Phil Hall, Features and technique editor
One of the finalists of Landscape Photographer of the Year 2015, Paul Mitchell’s image reminds me of the work of the New Topographers (one of my early influences when studying photography). They were a group of photographers including Robert Adams and Lewis Baltz who rose to prominence in the 1970s. Their work explored the interaction between man and landscape, and found beauty in the banal. Paul has certainly achieved that with his shot – the hulking mass of metal that includes the Teesside Steelworks in the background, the rickety fishermen’s huts and a landscape made from blocks of solid blast-furnace slag and material dredged from the river bed. The light is perfect, with the low angle of the sun glinting off the huts’ roofs, as well as separating the smoke from the steelworks against the clear sky while the grassy dunes blanket the foreground.
14th Street by David Reilly
Mark Jacobs, Art editor
Since day one of Amateur Photographer (way back in 1884), our commitment has been to showcase the quite extraordinary photographic talents of our readers.
It is often the case that amateur photographers outshine their professional counterparts. Don’t believe me? Take a look at the Open and Professional categories at the Sony World Photography Awards and you’ll soon see that amateur photographers are the real winners. I’ve selected my image from our Reader Portfolio pages, a section of the magazine that never fails to impress. David Reilly’s shot, taken in New York, has its roots in great swathes of photographic and art history. Its layered depths of foreground and background (it’s difficult to tell which is which) bring to mind the work of US photographer Saul Leiter, and even further back, the challenging and provocative photo montages of the Dadaist movement.
Image by Markku Pajunen
Andy Westlake, Technical editor
This year I had the privilege of helping to judge the 2015 EISA Maestro awards on the theme
of ‘Family’, alongside colleagues from 14 other European magazines. While the overall winner was Russian photographer Tatiana Antonuk (who shot the, often unconscious, similarities between generations of family members), I was also very taken by the second-placed entry, from Markku Pajunen of Finland. His wryly humorous series explored the difficulty experienced by his older daughter in accepting a new member of the family. My favourite frame of the five images is of her firing her little brother off into space, strapped to a rocket. It’s a wonderfully realised, simply conceived and perfectly lit shot demonstrating that a little creativity can go an awfully long way.
Indonesian Forest Fire by Ulet Ifansasti
Nigel Atherton, Editor
The biggest environmental catastrophe of the 21st century occurred recently, as over 5,000km of Indonesian rainforest caught fire and burned for weeks, destroying the habitats of endangered species such as the orangutan, clouded leopard and Sumatran tiger.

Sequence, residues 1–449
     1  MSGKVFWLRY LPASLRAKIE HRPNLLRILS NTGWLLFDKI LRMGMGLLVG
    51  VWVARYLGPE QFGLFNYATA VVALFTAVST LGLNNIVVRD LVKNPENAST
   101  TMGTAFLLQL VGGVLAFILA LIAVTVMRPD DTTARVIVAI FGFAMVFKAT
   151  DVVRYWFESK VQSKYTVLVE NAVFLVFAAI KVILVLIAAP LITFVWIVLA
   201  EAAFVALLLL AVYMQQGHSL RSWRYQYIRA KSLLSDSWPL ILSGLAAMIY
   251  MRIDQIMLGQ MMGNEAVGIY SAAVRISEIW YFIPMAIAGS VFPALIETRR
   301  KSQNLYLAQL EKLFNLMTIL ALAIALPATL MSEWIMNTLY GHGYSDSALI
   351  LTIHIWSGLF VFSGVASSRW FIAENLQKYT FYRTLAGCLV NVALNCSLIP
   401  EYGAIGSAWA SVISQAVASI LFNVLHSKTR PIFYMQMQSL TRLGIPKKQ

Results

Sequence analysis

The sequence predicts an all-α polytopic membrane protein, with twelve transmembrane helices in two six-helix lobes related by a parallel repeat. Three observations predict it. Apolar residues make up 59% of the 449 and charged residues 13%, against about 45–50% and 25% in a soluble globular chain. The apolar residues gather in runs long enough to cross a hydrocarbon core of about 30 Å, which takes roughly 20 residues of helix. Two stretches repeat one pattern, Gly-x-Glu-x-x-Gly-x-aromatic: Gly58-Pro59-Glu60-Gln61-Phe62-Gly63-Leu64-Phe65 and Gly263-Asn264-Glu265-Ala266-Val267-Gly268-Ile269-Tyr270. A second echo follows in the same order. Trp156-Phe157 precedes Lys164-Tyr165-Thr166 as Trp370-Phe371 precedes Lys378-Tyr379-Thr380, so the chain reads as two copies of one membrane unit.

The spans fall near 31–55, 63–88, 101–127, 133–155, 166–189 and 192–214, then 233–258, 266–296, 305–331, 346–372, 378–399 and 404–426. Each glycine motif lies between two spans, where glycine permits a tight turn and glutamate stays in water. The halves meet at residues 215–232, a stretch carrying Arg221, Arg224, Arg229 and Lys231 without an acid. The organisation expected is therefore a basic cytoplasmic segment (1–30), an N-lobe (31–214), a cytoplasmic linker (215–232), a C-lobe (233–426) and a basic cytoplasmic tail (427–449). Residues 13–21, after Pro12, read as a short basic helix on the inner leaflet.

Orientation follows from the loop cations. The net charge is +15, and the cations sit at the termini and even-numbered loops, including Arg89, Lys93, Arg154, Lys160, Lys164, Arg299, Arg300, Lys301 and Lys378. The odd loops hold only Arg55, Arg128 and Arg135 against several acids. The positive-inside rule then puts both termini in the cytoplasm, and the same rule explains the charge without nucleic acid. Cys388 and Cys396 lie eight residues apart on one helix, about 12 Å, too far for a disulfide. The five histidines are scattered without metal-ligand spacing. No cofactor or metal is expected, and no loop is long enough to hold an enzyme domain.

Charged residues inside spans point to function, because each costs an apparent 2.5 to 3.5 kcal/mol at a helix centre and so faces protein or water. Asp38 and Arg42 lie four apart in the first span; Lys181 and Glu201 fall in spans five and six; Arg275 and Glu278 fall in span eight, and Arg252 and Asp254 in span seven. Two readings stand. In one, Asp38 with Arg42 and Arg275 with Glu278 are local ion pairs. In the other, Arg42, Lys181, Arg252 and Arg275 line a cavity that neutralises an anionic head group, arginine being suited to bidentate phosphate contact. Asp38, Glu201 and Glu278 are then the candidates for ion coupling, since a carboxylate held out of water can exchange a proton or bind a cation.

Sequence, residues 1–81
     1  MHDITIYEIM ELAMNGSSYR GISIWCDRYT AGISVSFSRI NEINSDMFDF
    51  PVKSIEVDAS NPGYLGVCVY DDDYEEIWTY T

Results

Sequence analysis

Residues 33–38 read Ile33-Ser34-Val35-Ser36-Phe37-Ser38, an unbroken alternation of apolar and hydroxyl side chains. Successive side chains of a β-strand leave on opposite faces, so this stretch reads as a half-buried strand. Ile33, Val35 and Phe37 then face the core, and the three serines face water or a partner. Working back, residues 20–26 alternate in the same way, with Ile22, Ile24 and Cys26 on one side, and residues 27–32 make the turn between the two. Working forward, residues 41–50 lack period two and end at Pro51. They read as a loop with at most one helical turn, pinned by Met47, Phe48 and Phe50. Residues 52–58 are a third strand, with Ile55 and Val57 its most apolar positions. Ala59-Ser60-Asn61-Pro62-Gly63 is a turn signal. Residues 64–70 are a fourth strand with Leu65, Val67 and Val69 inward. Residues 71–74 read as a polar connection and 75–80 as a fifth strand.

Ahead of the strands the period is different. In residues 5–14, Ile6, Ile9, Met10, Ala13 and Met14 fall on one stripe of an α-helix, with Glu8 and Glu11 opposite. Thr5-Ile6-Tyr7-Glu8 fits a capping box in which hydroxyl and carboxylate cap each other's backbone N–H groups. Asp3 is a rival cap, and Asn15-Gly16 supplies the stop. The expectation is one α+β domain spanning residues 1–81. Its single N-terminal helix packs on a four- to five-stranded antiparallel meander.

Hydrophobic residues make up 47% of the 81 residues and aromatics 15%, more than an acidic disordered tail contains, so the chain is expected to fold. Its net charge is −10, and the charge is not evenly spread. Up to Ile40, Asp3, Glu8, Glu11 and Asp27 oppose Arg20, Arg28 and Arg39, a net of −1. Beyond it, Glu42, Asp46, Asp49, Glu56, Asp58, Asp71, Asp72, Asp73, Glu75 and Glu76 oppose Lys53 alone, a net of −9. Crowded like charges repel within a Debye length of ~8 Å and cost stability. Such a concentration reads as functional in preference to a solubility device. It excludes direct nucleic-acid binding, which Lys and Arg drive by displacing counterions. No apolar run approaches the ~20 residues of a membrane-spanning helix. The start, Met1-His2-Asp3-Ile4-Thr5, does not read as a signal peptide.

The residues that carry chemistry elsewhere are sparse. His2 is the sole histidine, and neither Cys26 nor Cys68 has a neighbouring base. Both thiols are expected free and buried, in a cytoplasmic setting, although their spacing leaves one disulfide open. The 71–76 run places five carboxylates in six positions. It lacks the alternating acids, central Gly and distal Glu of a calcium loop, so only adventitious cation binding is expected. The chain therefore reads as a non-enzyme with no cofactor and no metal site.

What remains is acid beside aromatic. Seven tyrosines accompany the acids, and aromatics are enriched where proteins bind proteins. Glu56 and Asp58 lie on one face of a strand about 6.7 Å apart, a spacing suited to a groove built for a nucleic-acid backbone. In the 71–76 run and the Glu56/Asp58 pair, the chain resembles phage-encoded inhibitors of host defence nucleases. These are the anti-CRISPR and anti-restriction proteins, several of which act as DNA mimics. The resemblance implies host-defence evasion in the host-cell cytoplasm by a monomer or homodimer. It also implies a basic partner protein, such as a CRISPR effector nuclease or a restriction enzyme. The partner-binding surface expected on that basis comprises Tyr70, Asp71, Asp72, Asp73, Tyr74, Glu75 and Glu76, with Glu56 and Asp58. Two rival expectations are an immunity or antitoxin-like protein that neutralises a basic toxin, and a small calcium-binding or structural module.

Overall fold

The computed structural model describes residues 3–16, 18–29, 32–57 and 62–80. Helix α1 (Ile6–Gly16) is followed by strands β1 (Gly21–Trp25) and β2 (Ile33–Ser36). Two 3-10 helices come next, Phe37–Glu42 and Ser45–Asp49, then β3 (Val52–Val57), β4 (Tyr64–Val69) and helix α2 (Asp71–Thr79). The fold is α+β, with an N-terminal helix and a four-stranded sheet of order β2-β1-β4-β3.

Caused largely by forest clearance fires started by the palm-oil industry that got out of control, more CO2 was released into the air in three weeks than the entire German economy produces in a year. It closed schools, grounded flights and caused respiratory infections in half a million people. Strangely, most of the UK news media didn’t consider it worthy of much attention – the only reason I’m aware that it occurred is because this dramatic image jumped out at me from my social media newsfeeds and compelled me to click on it to find out more – as every great news photo should do.
The image is by Ulet Ifansasti, a freelance photojournalist and documentary photographer with a passionate interest in documenting social, environmental and cultural issues, and a talent for telling complex stories through a single image. It powerfully shows both the human and environmental aspects of the disaster.
Left Boot, East London by Ellen Rostant
Chris Cheesman, News editor
For me, Ellen Rostant’s emotive image ‘Left Boot, East London’ neatly embraced the philosophy behind Café Art’s annual photo competition for people affected by homelessness. Ellen’s family had been in temporary housing for almost three years and the troubling image of a neglected boot symbolised what the capital meant to the 16-year-old – who went on to have two images in the resulting Café Art calendar. Ellen was one of around 100 people handed Fujifilm single-use cameras for the project, which saw three of her shots placed in the top 20.
Café Art – an organisation which aims to connect homeless people with the community through art – achieved global plaudits in 2015 after an AP article triggered a media frenzy with coverage of the calendar by The Today Show in New York, and as far afield as Australia and Thailand. The stories helped a Kickstarter campaign to fund the calendar’s printing costs go viral – raising over £10,000 from more than 500 backers within days (it eventually raised £17,500). Ellen has since gone on to pursue photography as part of her college studies – so we may see more of her thought-provoking work gracing the pages of photography magazines in future.
Search for ‘Cafe Art’ at www.mynewsdesk.com